Deletions in the SMN-encoding gene cause spinal muscular atrophy, the most common genetic cause of infant death.
In individuals affected by SMA, the SMN1 gene is mutated in such a way that it is unable to correctly code the SMN protein – due to either a deletion occurring at exon 7 or to other point mutations (frequently resulting in the functional conversion of the SMN1 sequence into SMN2).

Indel

indelsinsertions and deletionsdeletion
Indel is a molecular biology term for an insertion or deletion of bases in the genome of an organism.

Microdeletion syndrome

chromosomal microdeletion disordersmicro deletion syndrome
Microdeletion syndrome is a syndrome caused by a chromosomal deletion smaller than 5 million base pairs (5 Mb) spanning several genes that is too small to be detected by conventional cytogenetic methods or high resolution karyotyping (2–5 Mb).

Null allele

null mutationnull mutantnull alleles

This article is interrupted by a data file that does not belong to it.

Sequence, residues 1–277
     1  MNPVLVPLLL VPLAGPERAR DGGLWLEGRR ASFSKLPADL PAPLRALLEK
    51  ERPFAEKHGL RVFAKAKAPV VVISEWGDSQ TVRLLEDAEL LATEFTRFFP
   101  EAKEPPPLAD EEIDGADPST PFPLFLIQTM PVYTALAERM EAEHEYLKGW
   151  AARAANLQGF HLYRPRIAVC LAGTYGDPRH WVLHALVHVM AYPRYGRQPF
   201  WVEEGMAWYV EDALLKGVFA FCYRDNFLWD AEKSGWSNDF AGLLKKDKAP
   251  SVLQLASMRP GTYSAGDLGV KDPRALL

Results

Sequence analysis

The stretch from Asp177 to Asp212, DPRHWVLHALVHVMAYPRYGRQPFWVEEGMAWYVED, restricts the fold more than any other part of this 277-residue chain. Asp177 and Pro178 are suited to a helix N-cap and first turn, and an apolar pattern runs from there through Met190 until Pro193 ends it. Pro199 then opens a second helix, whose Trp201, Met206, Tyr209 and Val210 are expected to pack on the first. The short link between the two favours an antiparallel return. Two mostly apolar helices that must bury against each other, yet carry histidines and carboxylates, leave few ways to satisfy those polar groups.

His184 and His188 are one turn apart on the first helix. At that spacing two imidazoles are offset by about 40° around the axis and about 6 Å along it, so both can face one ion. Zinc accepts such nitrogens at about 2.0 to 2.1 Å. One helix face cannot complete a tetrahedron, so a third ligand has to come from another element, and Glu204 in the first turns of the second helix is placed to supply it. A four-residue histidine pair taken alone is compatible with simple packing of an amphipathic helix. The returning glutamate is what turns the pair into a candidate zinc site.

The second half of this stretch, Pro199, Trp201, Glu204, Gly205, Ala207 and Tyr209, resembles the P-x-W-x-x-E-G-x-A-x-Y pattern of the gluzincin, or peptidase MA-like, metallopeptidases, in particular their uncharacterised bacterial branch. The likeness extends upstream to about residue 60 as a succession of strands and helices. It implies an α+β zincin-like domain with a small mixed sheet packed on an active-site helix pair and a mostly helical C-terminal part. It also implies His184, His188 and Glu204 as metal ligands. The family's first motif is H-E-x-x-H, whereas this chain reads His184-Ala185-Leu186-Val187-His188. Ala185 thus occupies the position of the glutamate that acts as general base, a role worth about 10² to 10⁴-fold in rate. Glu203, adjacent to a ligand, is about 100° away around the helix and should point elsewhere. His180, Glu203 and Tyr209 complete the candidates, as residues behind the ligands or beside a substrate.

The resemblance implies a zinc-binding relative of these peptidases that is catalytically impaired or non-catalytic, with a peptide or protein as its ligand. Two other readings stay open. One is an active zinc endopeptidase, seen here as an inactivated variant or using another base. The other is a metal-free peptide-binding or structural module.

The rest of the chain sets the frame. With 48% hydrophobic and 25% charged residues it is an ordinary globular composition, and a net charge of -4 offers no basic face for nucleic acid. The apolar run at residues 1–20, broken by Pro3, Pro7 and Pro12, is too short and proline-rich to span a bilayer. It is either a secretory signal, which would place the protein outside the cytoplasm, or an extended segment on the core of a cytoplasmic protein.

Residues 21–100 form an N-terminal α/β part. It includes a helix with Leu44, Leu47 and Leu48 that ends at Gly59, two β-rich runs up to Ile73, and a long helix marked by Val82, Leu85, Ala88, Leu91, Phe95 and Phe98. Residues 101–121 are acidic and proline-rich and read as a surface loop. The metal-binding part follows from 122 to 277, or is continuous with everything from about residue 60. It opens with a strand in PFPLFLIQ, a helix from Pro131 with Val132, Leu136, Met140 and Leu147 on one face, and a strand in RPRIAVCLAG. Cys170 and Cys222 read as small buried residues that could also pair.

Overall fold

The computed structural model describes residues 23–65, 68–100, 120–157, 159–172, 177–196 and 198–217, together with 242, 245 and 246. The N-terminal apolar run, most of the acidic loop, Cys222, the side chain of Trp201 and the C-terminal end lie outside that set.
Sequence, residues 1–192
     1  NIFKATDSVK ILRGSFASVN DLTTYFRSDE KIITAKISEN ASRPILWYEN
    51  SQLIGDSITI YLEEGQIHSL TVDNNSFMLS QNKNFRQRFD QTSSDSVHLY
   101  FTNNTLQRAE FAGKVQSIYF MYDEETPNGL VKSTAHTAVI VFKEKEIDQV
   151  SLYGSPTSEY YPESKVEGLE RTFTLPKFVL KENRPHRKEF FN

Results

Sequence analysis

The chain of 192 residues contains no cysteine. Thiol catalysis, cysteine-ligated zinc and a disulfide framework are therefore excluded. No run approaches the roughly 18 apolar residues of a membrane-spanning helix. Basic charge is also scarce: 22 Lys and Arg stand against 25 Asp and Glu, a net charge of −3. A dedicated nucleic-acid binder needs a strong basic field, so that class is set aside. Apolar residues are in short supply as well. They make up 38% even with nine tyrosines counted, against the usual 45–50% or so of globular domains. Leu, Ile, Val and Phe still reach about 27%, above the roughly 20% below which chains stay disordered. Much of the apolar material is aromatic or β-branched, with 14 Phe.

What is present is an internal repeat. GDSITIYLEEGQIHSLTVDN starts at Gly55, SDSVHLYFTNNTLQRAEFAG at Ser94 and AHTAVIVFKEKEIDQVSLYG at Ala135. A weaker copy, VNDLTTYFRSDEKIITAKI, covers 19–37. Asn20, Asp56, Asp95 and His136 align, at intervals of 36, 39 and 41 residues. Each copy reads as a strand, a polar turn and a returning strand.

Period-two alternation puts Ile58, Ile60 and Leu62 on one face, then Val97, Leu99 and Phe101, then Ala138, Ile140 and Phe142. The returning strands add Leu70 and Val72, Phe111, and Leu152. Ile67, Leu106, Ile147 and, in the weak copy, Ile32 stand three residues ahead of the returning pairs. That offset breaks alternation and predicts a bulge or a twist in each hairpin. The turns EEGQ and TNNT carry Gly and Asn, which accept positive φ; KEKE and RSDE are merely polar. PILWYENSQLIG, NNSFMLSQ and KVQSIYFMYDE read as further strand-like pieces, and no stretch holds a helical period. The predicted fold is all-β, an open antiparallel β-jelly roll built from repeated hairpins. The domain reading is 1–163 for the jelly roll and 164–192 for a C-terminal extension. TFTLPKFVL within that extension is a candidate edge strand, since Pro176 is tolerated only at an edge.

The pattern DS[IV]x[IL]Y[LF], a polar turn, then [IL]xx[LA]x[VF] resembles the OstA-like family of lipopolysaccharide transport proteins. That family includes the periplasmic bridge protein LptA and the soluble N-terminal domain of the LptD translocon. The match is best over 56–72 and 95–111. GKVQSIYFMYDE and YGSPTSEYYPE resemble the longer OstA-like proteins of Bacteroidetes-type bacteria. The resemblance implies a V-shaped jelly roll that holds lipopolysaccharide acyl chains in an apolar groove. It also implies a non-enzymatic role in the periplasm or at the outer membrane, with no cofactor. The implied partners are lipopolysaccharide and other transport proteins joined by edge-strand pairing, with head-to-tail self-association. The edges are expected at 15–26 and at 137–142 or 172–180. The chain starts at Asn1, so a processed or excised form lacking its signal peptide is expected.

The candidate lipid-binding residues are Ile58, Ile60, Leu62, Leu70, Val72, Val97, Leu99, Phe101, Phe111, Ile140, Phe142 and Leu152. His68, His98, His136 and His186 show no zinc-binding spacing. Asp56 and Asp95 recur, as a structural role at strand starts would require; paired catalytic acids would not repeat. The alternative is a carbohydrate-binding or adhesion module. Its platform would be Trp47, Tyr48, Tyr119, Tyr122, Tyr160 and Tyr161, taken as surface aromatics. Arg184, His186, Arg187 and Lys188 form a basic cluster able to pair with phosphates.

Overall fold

A null allele cannot be distinguished from deletion of the entire locus solely from phenotypic observation.

Chromosomal deletion syndrome

chromosome deletion
Chromosomal deletion syndromes result from deletion of parts of chromosomes.

Chromosome abnormality

chromosomal abnormalitieschromosome abnormalitieschromosomal abnormality

End-sequence profiling

BAC
Other computation methods were selected to discover DNA sequencing deletion errors such as end-sequence profiling.

Meiosis

meioticsyzygymeiosis I
Deletions can be caused by errors in chromosomal crossover during meiosis, which causes several serious genetic diseases.

Genetic disorder

genetic diseasegenetic disordersgenetic diseases
Deletions can be caused by errors in chromosomal crossover during meiosis, which causes several serious genetic diseases.

Eukaryote

Eukaryotaeukaryoticeukaryotes
Deletions are representative of eukaryotic organisms, including humans and not in prokaryotic organisms, such as bacteria.

Prokaryote

prokaryoticprokaryotesprokaryotic cells
Deletions are representative of eukaryotic organisms, including humans and not in prokaryotic organisms, such as bacteria.

Synapsis

presynapticsynapsedsynaptic
For synapsis to occur between a chromosome with a large intercalary deficiency and a normal complete homolog, the unpaired region of the normal homolog must loop out of the linear structure into a deletion or compensation loop.